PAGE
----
I slammed and locked the door. I blocked out their shouts—their begging to let them out.

Through gritted teeth, I tearfully forced myself to smile to make myself feel better. It didn't work.

"I'll just keep them locked downstairs," I said in ragged breaths. "If someone else gets bit, I'll lock them in the basement, too."

It'll be okay if I keep every bitten person that I love—Dad, probably Mom, later, and, most importantly, my puppy in the basement.

Report this Content
This article has not been reviewed by Odyssey HQ and solely reflects the ideas and opinions of the creator.
Student Life

Top 10 Reasons My School Rocks!

Why I Chose a Small School Over a Big University.

96271
man in black long sleeve shirt and black pants walking on white concrete pathway

I was asked so many times why I wanted to go to a small school when a big university is so much better. Don't get me wrong, I'm sure a big university is great but I absolutely love going to a small school. I know that I miss out on big sporting events and having people actually know where it is. I can't even count how many times I've been asked where it is and I know they won't know so I just say "somewhere in the middle of Wisconsin." But, I get to know most people at my school and I know my professors very well. Not to mention, being able to walk to the other side of campus in 5 minutes at a casual walking pace. I am so happy I made the decision to go to school where I did. I love my school and these are just a few reasons why.

Keep Reading...Show less
Lots of people sat on the cinema wearing 3D glasses
Pinterest

Ever wonder what your friend meant when they started babbling about you taking their stapler? Or how whenever you ask your friend for a favor they respond with "As You Wish?" Are you looking for new and creative ways to insult your friends?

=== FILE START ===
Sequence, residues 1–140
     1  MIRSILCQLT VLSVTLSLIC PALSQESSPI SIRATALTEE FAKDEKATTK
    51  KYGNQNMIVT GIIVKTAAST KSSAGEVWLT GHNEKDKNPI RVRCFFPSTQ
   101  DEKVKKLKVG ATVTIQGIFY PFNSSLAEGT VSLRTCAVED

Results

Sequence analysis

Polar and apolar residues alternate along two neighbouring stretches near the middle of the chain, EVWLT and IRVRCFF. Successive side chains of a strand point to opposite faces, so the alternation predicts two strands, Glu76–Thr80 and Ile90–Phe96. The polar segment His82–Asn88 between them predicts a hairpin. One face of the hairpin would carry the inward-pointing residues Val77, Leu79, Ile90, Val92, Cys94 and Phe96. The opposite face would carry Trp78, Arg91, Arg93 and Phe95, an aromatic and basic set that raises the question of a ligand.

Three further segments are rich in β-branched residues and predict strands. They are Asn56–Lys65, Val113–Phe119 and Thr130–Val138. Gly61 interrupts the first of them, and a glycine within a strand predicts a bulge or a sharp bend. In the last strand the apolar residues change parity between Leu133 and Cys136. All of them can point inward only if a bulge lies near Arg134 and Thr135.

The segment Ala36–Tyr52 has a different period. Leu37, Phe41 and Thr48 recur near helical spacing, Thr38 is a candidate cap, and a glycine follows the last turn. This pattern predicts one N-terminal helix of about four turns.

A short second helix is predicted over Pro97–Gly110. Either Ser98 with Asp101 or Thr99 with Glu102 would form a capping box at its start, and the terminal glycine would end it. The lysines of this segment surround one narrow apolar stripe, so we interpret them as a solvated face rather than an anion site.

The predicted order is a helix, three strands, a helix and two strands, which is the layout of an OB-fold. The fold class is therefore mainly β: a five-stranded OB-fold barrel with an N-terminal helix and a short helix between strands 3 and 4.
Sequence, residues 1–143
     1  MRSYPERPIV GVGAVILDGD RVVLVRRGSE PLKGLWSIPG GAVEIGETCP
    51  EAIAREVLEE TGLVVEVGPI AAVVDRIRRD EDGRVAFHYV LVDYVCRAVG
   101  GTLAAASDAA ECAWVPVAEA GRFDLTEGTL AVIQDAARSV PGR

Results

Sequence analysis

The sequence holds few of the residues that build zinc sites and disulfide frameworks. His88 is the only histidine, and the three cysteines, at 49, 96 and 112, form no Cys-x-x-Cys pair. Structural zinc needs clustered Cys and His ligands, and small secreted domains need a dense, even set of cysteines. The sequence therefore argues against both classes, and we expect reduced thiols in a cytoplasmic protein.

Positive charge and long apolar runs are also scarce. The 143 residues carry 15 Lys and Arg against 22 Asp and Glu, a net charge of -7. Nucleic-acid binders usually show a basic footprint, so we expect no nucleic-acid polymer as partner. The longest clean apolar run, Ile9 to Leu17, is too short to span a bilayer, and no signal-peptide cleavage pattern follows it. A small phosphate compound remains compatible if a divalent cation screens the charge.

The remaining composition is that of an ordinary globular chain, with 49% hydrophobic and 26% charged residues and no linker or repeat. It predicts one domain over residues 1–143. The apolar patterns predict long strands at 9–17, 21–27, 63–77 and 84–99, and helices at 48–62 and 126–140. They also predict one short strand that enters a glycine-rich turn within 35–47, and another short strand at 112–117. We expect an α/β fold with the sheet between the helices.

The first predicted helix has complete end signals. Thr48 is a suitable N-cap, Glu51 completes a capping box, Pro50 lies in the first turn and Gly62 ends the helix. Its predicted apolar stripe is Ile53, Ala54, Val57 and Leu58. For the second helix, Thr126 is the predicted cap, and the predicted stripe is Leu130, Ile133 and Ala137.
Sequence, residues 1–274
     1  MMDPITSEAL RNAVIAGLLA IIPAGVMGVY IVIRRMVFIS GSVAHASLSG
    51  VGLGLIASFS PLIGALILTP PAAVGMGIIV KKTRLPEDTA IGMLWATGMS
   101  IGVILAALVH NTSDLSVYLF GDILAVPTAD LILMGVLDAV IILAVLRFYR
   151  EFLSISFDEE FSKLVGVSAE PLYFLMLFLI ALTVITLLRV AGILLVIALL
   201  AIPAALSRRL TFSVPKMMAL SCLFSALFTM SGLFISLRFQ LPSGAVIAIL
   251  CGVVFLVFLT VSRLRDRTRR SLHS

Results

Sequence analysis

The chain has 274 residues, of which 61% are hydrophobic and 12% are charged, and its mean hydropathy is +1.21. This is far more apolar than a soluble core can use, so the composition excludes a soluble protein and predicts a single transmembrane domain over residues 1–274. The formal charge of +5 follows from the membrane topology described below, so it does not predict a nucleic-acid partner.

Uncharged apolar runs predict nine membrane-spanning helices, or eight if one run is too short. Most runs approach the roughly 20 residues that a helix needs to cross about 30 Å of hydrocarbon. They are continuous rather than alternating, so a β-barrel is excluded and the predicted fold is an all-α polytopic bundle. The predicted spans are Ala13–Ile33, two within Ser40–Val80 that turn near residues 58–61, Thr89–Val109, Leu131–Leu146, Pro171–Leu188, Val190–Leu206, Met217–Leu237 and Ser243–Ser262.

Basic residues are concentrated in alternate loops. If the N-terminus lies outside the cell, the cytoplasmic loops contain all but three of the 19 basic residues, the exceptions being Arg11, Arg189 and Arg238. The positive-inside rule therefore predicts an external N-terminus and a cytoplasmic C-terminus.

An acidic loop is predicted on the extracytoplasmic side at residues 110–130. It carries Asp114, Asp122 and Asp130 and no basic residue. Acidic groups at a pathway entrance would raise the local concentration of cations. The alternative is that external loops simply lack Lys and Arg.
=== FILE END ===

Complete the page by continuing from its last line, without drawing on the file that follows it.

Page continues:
Well, look no further. Here is a list of 70 of the most quotable movies of all time. Here you will find answers to your questions along with a multitude of other things such as; new insults for your friends, interesting characters, fantastic story lines, and of course quotes to log into your mind for future use.

Keep Reading...Show less
New Year Resolutions

It's 2024! You drank champagne, you wore funny glasses, and you watched the ball drop as you sang the night away with your best friends and family. What comes next you may ask? Sadly you will have to return to the real world full of work and school and paying bills. "Ah! But I have my New Year's Resolutions!"- you may say. But most of them are 100% complete cliches that you won't hold on to. Here is a list of those things you hear all around the world.

Keep Reading...Show less
Lifestyle

The Ultimate Birthday: Unveiling the Perfect Day to Celebrate!

Let's be real, the day your birthday falls on could really make or break it.

43002
​different color birthday candles on a cake
Blacksburg Children's Museum

You heard it here first: birthdays in college are some of the best days of your four years. For one day annually, you get to forget about your identity as a stressed, broke, and overworked student, and take the time to celebrate. You can throw your responsibilities for a day, use your one skip in that class you hate, receive kind cards and gifts from loved ones and just enjoy yourself.

Keep Reading...Show less
Featured

Unleash Inspiration: 15 Relatable Disney Lyrics!

Leave it to Disney to write lyrics that kids of all ages can relate to.

71514
The 15 most inspiring Disney songs

Disney songs are some of the most relatable and inspiring songs not only because of the lovable characters who sing them, but also because of their well-written song lyrics. While some lyrics make more sense with knowledge of the movie's story line that they were written for, other Disney lyrics are very relatable and inspiring for any listener.

Keep Reading...Show less

Subscribe to Our Newsletter

Facebook Comments